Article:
We leave a significant amount (more than three-quarters) of each property as it is, providing corridor, sanctuary and native habitat for wild animals that travel through or live in the area, including a number of desert tortoises that are older than we are. That means the land remains close to wilderness—no machines, no fences, no lights and as little artificial sound as possible. Our stewardship of this precious space extends to constant, persistent monitoring for illegal and inappropriate human use and damage, with special attention paid to illegal off-road vehicle use, dumping of waste and (this is new) bobcat poachers. Same goes for the Bureau of Land Management land, interwoven across the square miles with private property; the area’s many absent-owner properties; and the Mojave Desert Land Trust’s Wildlife Linkage collection. Only the presence of watchful folks, willing to report illegal activity to the police, can impact bad behavior. We need more eyes on the land.

We rent out our modest cabins using Airbnb at first world-affordable rates. Guests receive primary encounters with bright starlight, open land, silence, wildlife and organized participation in each site’s permaculture cycles. Their urine and feces, collected in dry toilets that Stephanie designed, is safely composted over a year, eventually becoming rich soil for new trees. The outdoor showers and indoor kitchen are part of a greywater system; guests’ linens are washed in the main house’s system, also outputting greywater. Meanwhile, guests provide more eyes on the land. We’re enabling meaningful, net-positive impact on the land by non-residents, building a political constituency for land-use practices that will bring about a far healthier balance between civilization and what’s left of the wild. And we roll that Airbnb income into acquiring more land.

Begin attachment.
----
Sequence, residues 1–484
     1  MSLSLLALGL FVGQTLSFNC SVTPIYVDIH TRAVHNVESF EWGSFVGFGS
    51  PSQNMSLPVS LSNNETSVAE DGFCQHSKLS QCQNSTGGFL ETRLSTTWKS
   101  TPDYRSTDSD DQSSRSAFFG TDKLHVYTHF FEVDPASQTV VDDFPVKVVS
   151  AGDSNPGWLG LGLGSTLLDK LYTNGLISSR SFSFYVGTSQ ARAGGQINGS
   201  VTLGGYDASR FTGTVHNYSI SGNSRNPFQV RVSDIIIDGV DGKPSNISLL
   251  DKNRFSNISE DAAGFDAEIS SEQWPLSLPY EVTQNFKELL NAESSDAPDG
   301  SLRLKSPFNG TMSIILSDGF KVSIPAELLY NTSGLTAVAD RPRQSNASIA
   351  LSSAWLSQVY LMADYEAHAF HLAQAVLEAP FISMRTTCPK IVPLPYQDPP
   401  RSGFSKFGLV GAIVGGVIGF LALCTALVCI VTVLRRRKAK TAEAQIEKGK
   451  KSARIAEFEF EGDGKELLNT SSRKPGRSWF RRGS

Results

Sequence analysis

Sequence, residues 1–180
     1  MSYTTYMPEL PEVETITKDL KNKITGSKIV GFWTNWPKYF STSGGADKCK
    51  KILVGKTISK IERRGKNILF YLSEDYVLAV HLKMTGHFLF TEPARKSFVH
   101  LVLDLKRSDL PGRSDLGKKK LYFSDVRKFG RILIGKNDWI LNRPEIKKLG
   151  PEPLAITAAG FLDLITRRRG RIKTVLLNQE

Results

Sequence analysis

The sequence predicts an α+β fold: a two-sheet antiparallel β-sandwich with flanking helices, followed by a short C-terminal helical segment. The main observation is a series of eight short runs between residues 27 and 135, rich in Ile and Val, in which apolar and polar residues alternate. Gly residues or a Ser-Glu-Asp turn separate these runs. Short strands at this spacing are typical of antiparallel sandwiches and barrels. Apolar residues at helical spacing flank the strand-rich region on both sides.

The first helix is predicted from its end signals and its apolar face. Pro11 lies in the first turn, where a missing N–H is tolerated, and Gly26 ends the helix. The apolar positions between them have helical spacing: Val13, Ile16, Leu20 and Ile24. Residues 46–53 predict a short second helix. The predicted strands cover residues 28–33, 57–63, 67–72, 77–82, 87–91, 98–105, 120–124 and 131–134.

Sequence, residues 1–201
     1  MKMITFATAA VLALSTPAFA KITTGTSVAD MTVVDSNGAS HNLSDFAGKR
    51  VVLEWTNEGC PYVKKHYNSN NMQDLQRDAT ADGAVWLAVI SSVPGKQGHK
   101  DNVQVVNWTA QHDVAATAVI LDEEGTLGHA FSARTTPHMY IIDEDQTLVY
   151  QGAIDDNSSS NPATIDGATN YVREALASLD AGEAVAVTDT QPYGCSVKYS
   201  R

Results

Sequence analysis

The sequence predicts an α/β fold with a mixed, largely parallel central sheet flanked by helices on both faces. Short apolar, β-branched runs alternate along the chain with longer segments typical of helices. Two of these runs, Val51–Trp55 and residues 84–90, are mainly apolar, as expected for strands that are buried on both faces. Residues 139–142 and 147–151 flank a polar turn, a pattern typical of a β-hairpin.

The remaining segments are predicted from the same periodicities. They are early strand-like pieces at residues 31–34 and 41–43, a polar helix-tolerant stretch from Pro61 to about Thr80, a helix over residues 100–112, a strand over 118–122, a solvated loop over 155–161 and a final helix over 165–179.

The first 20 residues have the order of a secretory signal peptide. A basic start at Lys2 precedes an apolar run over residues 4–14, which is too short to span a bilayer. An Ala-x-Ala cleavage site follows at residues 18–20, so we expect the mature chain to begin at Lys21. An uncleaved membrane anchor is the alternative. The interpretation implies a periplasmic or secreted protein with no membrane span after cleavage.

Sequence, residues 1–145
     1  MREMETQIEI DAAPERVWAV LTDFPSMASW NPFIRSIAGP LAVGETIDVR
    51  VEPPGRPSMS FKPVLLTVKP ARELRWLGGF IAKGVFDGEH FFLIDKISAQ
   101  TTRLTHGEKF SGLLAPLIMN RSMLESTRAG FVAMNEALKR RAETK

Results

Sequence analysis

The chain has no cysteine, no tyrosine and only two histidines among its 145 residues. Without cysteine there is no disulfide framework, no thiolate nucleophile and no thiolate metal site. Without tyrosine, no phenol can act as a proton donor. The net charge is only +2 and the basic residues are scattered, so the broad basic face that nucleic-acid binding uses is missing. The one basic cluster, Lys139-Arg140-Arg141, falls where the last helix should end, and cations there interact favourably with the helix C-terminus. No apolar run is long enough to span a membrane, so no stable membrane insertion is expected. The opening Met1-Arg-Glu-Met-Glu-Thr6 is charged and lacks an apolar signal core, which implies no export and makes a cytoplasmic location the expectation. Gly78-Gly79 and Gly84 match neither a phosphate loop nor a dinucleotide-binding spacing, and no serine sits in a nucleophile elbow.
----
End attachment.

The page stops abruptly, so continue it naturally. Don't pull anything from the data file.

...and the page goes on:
We’re growing a network of non-adjacent stewarded properties across a single square mile: a distributed colony. Over time, we hope each property will function as a “node” that triggers affiliated reinhabitation around it—more trees, more bushes, more animals, more insects. More complexity. Less destruction. More life. 

Joshua Tree isn’t the only place in North America where you can still be overwhelmed by the stars in the night sky. We can’t help but be wowed by them—maybe it’s in our DNA. So look for the stars and buy property where you find them. Then, steward that land. Share it with nature-deprived urban folks via vacation rentals so that everyone wins. 

Welcome home. 

© Wilder Media 2014